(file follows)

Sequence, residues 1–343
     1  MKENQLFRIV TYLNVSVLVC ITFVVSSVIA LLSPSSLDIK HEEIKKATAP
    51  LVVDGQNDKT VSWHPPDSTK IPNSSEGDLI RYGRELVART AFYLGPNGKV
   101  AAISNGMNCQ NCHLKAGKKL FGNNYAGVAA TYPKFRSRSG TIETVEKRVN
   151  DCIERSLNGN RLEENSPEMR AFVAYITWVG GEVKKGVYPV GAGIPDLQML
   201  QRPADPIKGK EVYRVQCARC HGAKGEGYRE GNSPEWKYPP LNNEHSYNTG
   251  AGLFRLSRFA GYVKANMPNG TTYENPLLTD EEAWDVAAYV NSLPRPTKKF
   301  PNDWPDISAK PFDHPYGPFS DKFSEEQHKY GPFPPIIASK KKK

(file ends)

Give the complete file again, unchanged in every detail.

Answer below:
Sequence, residues 1–343
     1  MKENQLFRIV TYLNVSVLVC ITFVVSSVIA LLSPSSLDIK HEEIKKATAP
    51  LVVDGQNDKT VSWHPPDSTK IPNSSEGDLI RYGRELVART AFYLGPNGKV
   101  AAISNGMNCQ NCHLKAGKKL FGNNYAGVAA TYPKFRSRSG TIETVEKRVN
   151  DCIERSLNGN RLEENSPEMR AFVAYITWVG GEVKKGVYPV GAGIPDLQML
   201  QRPADPIKGK EVYRVQCARC HGAKGEGYRE GNSPEWKYPP LNNEHSYNTG
   251  AGLFRLSRFA GYVKANMPNG TTYENPLLTD EEAWDVAAYV NSLPRPTKKF
   301  PNDWPDISAK PFDHPYGPFS DKFSEEQHKY GPFPPIIASK KKK